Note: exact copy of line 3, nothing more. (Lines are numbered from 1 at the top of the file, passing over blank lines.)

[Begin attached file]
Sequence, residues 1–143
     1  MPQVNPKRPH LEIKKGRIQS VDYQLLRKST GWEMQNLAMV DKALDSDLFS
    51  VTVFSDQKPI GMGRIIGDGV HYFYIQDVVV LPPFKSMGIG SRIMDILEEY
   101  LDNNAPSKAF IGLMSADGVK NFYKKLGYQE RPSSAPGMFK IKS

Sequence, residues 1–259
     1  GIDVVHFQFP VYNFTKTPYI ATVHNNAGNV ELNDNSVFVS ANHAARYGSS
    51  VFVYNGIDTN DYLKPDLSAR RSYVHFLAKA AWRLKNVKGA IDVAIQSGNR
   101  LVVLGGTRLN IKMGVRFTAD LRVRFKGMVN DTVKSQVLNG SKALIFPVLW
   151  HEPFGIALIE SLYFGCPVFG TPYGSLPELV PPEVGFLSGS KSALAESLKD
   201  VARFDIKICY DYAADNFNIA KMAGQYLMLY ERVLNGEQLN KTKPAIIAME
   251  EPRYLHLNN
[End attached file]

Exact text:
    51  VTVFSDQKPI GMGRIIGDGV HYFYIQDVVV LPPFKSMGIG SRIMDILEEY